It had been nearly 33 months since the Braves lost a regular-season game that Kris Medlen started, but his record-setting run ended Thursday on a cold, raw night at Turner Field.
The Phillies scored two runs in the second inning and held on for a 2-0 win against the Braves, averting a season-opening series sweep and snapping a major-league record streak of 23 consecutive Braves wins in games started by Medlen.
After cranking out six homers and 16 runs in the first two games of the series and beating Phillies starters Cole Hamels and Roy Halladay, the Braves could muster only two singles against left-hander Cliff Lee, who has dominated them since the middle of the 2011 season.
On a night when the first-pitch temperature was 41 degrees, Lee faced two batters over the minimum for eight innings, allowing two hits and no walks with eight strikeouts. He’s 4-1 with an 0.78 ERA in his past six starts against the Braves, with 45 strikeouts and only three walks in 46 innings.
“Cliff was darn good on a tough night to pitch, a tough night to play a baseball game because of the weather conditions,” Braves manager Fredi Gonzalez said. “He sure made it look pretty easy. He commanded all of his pitches. He got into the eighth inning with no problem.”
Medlen, off his mark in the early innings, was charged with two runs, five hits and four walks in five innings and threw 92 pitches. That included 49 pitches in the first two innings, when he issued three walks, including one to Lee to load the bases with none out in the second.
It wasn’t the adrenaline from his season debut that caused problems.
“My adrenaline was frozen,” he quipped. “I made some adjustments. I felt like I was rushing a little bit in the very beginning. It’s something I felt the entire spring. I left some balls up. Obviously the walks stood out; I think I’ve been up here long enough that you know that I don’t walk people. I ran into a bad little stretch.
“It’s just something that is not necessarily who I am as a pitcher. But if you told me I was going to go five innings and give up two runs today in the first inning, I would tell you you are crazy.”
Gonzalez said of Medlen: “He competed his butt off today. I thought his last two innings of work might have been his best two innings since last year. I think his delivery got better as the game went on.
“For him to just give up two runs, he did a nice job. Very easily that game could have been out of hand right from the beginning.”
Lee twice struck out B.J. Upton, who is 0-for-11 with seven strikeouts in his first three games with the Braves.
“He’s consistent,” Braves right fielder Jason Heyward said. “He’s in the same area all night, whether it’s on the plate or not – he’s close enough to the dish. He’s aggressive early. After that, he has a lot of weapons.”
Jonathan Papelbon retired the Braves in order in the ninth inning, striking out Heyward to end the game.
Braves batters had 10 strikeouts to give them 34 in the three-game series. B.J. Upton had a streak of strikeouts in six consecutive plate appearances before grounding out in the fifth inning. He struck out again to end the seventh.
“I hit the ball pretty well all spring training,” Upton said. “It’s just one of those rough spots right now, man. But it’s nothing to get stressed about. That’s why you get 700 plate appearances. Just keep working, it’ll happen. It’ll work itself out.”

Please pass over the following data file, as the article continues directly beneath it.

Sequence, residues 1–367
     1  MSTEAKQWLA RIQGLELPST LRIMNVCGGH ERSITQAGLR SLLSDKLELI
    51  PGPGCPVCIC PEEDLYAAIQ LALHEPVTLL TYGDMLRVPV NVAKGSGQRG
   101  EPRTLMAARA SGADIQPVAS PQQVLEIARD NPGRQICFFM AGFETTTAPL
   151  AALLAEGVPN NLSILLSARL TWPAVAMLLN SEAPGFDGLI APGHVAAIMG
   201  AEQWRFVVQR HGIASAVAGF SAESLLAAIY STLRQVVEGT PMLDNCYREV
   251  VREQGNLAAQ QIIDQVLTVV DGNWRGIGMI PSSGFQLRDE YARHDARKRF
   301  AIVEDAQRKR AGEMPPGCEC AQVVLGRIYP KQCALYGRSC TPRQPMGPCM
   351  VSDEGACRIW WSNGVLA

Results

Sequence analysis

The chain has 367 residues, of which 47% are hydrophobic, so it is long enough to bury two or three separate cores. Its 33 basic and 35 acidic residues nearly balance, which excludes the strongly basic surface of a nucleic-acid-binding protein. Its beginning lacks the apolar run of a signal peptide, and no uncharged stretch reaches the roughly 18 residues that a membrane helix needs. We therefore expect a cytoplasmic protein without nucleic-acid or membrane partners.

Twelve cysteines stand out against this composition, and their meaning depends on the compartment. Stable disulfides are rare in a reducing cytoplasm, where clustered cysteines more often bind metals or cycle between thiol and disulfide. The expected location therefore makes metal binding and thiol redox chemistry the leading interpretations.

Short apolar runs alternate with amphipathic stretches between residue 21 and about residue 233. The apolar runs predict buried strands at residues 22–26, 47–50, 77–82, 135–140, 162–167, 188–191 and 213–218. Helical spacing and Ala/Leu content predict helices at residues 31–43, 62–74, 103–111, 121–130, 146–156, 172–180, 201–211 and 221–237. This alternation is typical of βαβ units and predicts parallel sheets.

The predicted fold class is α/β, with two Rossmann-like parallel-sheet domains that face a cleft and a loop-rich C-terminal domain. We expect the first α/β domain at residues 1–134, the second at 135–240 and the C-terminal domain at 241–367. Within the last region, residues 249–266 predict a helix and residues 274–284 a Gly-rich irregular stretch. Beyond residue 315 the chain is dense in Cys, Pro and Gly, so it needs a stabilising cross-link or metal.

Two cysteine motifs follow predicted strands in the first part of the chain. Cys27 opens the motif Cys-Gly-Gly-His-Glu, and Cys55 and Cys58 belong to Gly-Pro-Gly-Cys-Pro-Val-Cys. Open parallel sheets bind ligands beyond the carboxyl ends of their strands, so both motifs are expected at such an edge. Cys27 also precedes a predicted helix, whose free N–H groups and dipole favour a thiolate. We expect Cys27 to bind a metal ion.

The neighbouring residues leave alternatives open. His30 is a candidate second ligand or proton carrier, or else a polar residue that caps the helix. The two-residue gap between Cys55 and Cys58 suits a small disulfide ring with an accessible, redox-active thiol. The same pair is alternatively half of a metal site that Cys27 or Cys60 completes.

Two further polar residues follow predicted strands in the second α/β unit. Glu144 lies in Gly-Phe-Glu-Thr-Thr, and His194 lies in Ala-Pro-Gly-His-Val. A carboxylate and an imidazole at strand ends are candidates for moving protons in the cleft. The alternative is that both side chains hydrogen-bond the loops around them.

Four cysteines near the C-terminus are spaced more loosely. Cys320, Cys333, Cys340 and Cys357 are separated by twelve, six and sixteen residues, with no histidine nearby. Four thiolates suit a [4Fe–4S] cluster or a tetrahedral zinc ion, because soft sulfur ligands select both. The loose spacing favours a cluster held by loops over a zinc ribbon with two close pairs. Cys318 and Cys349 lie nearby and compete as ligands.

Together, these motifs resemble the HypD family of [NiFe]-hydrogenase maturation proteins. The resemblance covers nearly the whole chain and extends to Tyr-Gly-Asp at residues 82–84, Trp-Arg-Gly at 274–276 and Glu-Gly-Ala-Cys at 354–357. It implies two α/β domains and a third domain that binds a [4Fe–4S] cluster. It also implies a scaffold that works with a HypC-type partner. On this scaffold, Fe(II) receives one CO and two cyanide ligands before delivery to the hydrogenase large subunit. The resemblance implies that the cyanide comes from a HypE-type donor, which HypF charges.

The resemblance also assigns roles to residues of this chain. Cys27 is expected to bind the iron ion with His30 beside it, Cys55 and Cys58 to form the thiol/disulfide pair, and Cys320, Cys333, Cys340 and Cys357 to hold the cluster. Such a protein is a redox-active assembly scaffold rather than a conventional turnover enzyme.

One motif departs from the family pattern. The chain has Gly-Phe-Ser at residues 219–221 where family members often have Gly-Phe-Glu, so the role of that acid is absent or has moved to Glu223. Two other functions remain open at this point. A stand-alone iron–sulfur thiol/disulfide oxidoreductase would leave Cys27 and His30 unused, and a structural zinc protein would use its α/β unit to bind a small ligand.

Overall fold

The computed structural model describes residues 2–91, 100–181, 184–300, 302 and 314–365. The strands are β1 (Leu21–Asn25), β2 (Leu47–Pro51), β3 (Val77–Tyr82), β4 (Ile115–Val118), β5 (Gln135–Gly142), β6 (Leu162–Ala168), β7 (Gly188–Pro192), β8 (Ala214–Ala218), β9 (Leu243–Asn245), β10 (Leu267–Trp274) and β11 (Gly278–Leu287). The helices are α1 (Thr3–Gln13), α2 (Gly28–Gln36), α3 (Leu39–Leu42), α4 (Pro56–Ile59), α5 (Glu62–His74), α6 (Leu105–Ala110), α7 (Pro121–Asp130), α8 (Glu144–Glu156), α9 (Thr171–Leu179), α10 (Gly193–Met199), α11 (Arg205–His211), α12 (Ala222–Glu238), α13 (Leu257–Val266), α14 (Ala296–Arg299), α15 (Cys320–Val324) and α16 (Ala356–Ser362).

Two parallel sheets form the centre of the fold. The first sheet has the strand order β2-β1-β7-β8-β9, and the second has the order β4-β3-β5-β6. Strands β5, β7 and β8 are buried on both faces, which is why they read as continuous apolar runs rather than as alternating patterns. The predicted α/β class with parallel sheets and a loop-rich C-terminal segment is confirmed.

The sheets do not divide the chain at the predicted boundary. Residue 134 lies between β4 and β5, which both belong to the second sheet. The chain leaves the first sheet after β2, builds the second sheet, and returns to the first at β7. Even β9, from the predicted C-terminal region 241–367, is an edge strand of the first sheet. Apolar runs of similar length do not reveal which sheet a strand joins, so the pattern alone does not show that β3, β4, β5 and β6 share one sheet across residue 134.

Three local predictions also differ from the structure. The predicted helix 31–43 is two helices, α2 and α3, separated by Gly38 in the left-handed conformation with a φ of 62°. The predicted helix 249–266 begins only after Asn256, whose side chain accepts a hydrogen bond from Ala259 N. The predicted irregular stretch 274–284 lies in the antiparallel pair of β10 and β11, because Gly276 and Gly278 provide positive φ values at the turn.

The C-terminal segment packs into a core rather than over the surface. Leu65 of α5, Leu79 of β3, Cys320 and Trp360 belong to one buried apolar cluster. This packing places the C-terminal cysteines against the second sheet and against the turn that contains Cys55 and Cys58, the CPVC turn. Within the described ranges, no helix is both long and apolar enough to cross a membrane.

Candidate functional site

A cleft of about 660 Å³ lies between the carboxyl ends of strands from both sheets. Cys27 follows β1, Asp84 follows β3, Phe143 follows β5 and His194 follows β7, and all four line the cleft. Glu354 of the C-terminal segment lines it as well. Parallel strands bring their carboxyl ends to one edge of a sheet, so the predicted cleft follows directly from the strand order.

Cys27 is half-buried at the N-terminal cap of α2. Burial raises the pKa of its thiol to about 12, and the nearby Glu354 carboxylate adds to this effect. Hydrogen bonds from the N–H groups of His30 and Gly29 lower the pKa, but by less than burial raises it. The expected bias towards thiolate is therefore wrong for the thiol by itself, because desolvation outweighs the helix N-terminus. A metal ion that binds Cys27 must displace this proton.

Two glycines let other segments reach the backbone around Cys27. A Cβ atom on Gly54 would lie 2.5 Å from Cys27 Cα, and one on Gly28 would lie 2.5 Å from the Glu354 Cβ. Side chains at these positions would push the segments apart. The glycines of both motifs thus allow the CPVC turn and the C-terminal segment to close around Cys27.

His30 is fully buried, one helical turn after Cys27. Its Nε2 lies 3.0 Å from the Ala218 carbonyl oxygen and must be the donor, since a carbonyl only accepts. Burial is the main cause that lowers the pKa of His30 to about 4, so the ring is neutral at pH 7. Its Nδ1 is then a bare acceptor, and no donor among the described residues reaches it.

The Phillies stranded eight runners in the first four innings, or things might have spiraled quickly on the Braves and Medlen. They got their only runs in the second on Ben Revere’s bases-loaded ground out and Chase Utley’s sacrifice fly.
Not counting Medlen’s loss to St. Louis in the National League Wild Card game in October — that was classified as a postseason game, not regular season — Pittsburgh had been the last team to defeat the Braves in a game he started. Medlen gave up two runs in 5 2/3 innings and got no decision in a 3-2 road loss to the Pirates on May 23, 2010.
He was 14-0 in 23 starts since, including 9-0 with a 0.97 ERA in 12 starts last season, when Medlen churned out a run of such spectacular pinpoint-control pitching that he drew comparisons to legendary former Brave Greg Maddux.
Medlen struggled with his command in spring training, going 1-2 with a 7.23 ERA in six starts while allowing 32 hits, 19 runs and four homers in 23 2/3 innings. That seemed to carry over to Thursday, when intermittent light rain or mist added to the misery index.
“Obviously it wasn’t ideal conditions, but this is what we are going to be dealing with in the whole month of April,” Medlen said. “We are going to Colorado and Pittsburgh and Detroit. So that’s not an excuse at all. You can’t give Cliff Lee a two-run lead in the beginning of the game.”
It was just the third loss in 31 career starts for Medlen, who was 15-2 with a 2.81 ERA as a starter before Thursday.
He needed 83 pitches to get through the first four innings against the Phillies. His only perfect inning was the fifth, when he threw nine pitches and got two strikeouts, both looking.
“I think it ended up OK,” Medlen said of his in-game adjustment and progress. “But, overall, it was a loss so it’s a bad day.”
As for the streak, he said, “It was there because I didn’t focus on it. It’s the same thing today. I wasn’t thinking about it. It was another start against one of our division rivals and obviously we wanted to come out a little bit better than we did. We lost today but we took two out of three, so it’s OK.”